This is an extremely important paper that may hold the key to solving PFS. I am reposting it from the original post: https://www.pnas.org/content/pnas/88/18/8044.full.pdf
I would be curious to hear what people think about it and the additional points I make below.
Quotes from the paper:
<<These findings indicate that dihydrotestosterone itself controls prostate growth and Sa-reductase activity. They further suggest that prostate growth is controlled by a feed-forward mechanism by which formation of trace amounts of dihydrotestosterone induces 5a-reductase, thereby increasing dihydrotestosterone synthesis and triggering a positive developmental cascade.
These findings imply that dihydrotestosterone controls its own rate of synthesis in a positive manner.
A striking finding is that dihydrotestosterone, the product of 5a-reductase enzyme, positively regulates the expression of the 5a-reductase gene.>>
The article suggests that 5a-reductase activity is promoted by DHT. Therefore, low levels of DHT will downregulate 5a-reductate (paradoxically).
Some additional facts about PFS that check out with the article’s findings.
Many people get PFS when there is a sudden DROP in DHT concentrations. That’s how I got it - from one 5mg pill of Finasteride upon resumption after a period of cessation.
I have extremely low DHT, high Free T and high Progesterone. This may indicate malfunctioning 5a-reducatase.
From Melcangi’s latest study: “In fact, PFS patients showed higher serum and CSF testosterone levels than healthy controls, while other neuroactive steroids, also including DHT, were suppressed”
Not all PFS patients exhibit this hormone pattern and this may be due to variation of other important variables - such as body fat percent, insulin sensitivity, etc. For example, differences in body fat percent may affect amount of E2 produced as a response of higher T levels, which will change the presenting balance of hormones.
We need to be open to the idea that there may be more than one way PFS may be induced as well to the idea that not all post-finasteride symptomatic patients have true PFS.
From Melcangi’s latest study: “For the first time, we demonstrate a tissue-specific methylation pattern of SRD5A2 promoter in PFS patients.” Note: this is the gene encoding for 5a-reducase II enzyme.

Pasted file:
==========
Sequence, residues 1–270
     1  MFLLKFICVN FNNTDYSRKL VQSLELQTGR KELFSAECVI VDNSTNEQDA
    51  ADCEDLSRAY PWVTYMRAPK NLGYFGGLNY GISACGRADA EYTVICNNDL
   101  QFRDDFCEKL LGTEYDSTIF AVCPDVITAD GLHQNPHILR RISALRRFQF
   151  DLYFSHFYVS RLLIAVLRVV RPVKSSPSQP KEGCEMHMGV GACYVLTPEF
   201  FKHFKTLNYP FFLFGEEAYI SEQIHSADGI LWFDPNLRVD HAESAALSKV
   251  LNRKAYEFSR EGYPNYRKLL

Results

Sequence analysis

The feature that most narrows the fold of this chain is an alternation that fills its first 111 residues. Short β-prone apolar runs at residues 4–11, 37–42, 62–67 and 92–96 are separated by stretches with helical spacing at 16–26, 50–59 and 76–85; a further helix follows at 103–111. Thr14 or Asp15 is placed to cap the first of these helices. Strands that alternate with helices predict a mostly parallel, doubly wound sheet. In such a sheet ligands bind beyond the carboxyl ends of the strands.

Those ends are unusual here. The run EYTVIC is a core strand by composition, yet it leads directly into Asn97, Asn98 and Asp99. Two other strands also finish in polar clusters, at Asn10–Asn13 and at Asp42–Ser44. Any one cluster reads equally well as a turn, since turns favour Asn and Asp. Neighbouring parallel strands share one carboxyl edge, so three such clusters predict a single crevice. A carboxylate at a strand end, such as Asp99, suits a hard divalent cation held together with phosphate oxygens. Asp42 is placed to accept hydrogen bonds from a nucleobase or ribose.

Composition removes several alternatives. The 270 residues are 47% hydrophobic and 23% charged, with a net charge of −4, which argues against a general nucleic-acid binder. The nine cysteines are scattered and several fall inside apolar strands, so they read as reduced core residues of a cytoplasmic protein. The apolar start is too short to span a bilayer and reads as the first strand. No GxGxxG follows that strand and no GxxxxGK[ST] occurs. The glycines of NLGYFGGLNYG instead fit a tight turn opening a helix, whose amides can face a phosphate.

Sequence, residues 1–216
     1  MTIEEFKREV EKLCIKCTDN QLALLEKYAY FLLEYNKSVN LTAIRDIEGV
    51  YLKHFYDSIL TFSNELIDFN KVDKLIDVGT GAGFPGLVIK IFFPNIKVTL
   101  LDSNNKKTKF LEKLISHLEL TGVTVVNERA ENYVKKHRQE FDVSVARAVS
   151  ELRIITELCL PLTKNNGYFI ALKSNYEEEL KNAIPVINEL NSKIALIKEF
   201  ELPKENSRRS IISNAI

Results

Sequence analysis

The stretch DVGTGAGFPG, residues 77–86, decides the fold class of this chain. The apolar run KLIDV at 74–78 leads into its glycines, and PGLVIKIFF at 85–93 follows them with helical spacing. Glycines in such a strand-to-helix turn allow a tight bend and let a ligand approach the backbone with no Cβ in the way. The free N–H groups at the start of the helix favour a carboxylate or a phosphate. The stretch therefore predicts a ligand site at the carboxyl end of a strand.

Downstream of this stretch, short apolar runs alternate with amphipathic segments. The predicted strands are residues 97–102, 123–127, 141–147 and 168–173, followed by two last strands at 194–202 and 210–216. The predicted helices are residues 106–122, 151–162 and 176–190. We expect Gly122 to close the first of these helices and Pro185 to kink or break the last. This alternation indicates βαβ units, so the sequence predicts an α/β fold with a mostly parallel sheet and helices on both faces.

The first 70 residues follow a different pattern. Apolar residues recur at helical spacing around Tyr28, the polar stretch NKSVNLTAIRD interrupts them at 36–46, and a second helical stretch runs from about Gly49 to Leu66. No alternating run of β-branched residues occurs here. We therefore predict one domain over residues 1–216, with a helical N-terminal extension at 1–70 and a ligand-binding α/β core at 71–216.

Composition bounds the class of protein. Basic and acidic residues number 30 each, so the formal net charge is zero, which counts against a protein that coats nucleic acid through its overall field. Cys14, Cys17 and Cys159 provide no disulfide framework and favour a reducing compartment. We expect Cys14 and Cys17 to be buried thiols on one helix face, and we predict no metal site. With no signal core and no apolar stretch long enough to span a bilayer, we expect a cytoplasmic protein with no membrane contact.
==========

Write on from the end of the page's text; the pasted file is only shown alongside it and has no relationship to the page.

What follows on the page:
Putting all this together, one would wonder whether DHT supplementation may be able to restore 5a-reductase activity. I know people have tried this and the effect has only been temporary (or there has been no effect, or they have gotten worse).
This lack of long-term effect may be due to negative feedback mechanisms where the body suppresses the HPTA in response to the rising DHT levels, which downregulates endogenous 5a-reducase synthesis - or has other oppositional effects.
There is evidence that such adaptation happens in response to DHT supplementation - in this paper originally posted by @Mew:
“Serum concentrations of LH, FSH, E2, T, and SHBG decreased significantly during DHT treatment.”
To oppose such an adaptation and to force the change to happen at the gene expression (and AR sensitivity) level, HPTA hormones (T, LH, etc?) may have to be supplemented as well, and E2 controlled. This will not be easy as there are many feed-back loops in the body, including through estrogen, SHBG, etc.
One way to attempt to achieve temporary high DHT concentrations before other hormones downregulate is through a series of cycles with high-dose DHT supplementation. This has been proposed before (although I don’t understand all of the logic explained here).
Anonymous user's theory: DHT treatment to increase 5AR2 expression .
To test this hypothesis, I intend to try cycles of a DHT cream for two days combined with a high dose Tribulus for 4 days (for lack of a more sophisticated HPTA maintaining TRT protocol). This is unlikely to work quickly but may have a positive effect over time.
I have already tested my blood before and after Tribulus cycles and I know that my T, E2, LH, FSH, and Progesterone all rise due to Tribulus.
The question is how to avoid a crash when supplementation is discontinued. It seems that a cycle approach may be counterproductive in that regard.
Update: On a second thought, this kind of cycles may lead to a crash, as at the end of each cycle one might end up with lower T and possibly lower DHT. It may be important to carefully control T and E2 and discontinue supplementation very gradually instead. Thoughts?
Ideally such experiments would be done in an animal model, where all variables can be controlled and measured precisely. I have long appealed on this forum for the need for such empirically-driven animal studies that we can easily fund, but to no avail. (Notice bitterness).
I admit that I have read very little about androgen biology and no doubt things are a lot more complicated and multi-layered than this. However, the solution does not have to be complicated, at least not from an applied point of view (as long as it is executed properly), just as the PFS-inducing cause was simple enough.
I would appreciate any comments - both on the theoretical aspects and on the proposed protocol.